SANTA FE – For many New Mexicans, the mention of school meals conjures memories of sloppy joes, potato chips and chocolate milk.
But a bill pushed by Gov. Michelle Lujan Grisham that’s nearing final approval at the Roundhouse would provide more funding for school districts statewide who procure local produce and freshly-made meals — while also stipulating they offer free breakfast and lunch to all K-12 students.
The measure, Senate Bill 4, passed the Senate on a 35-0 vote last week and cleared its only assigned House committee on Friday without opposition.
“We would much rather want the beans and chile in our area than anything else,” quipped Rep. Tanya Mirabal Moya, R-Los Lunas, at one point during the House Education Committee discussion.
While the initiative could put New Mexico on the national forefront of universal school meals, growing enough fruits, vegetables and other food to satisfy more than 316,000 public school students around the state could prove challenging.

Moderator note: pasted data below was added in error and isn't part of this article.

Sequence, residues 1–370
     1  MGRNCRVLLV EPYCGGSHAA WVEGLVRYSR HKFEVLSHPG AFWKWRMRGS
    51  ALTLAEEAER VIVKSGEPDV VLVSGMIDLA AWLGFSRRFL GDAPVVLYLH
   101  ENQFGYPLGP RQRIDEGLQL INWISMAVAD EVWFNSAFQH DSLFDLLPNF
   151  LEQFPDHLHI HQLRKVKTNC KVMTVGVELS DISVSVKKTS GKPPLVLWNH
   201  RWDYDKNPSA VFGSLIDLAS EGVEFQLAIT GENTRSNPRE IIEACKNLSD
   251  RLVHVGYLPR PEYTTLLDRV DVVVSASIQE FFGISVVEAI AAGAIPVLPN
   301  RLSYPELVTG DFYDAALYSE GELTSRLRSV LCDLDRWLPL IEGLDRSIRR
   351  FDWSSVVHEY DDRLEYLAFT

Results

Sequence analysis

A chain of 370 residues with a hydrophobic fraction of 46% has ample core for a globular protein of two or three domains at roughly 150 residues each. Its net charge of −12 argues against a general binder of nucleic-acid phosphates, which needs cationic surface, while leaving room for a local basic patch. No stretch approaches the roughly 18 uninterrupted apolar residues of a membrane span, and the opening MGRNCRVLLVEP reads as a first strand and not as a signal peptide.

Some local farmers are already preparing, including Alan Brauer, who helps run the Indigenous Farm Hub in Corrales.
Brauer, who was raised on a dairy farm in Maryland, launched the project with former Public Education Department colleague Kara Bobroff during the early stages of the COVID-19 pandemic.
It’s grown from there — so to speak — with help from student groups and Native American farmers who lend their expertise as part of a revolving residency program.
He said the farm currently grows crops like chard, onions, potatoes and more, depending on the season, on 17 acres spread over two different plots of land.
“We grow pretty much everything,” he said in a recent interview. “It’s kind of like a grocery store throughout the season.”
The farm currently provides fresh produce to several local schools under a New Mexico Grown program, including the Albuquerque Sign Language Academy and the Native American Community Academy, but he acknowledged expanding operations has already required delivery trucks, refrigerated trailers and more.
“There’s going to be such a need to grow more to meet that demand,” Brauer told the Journal.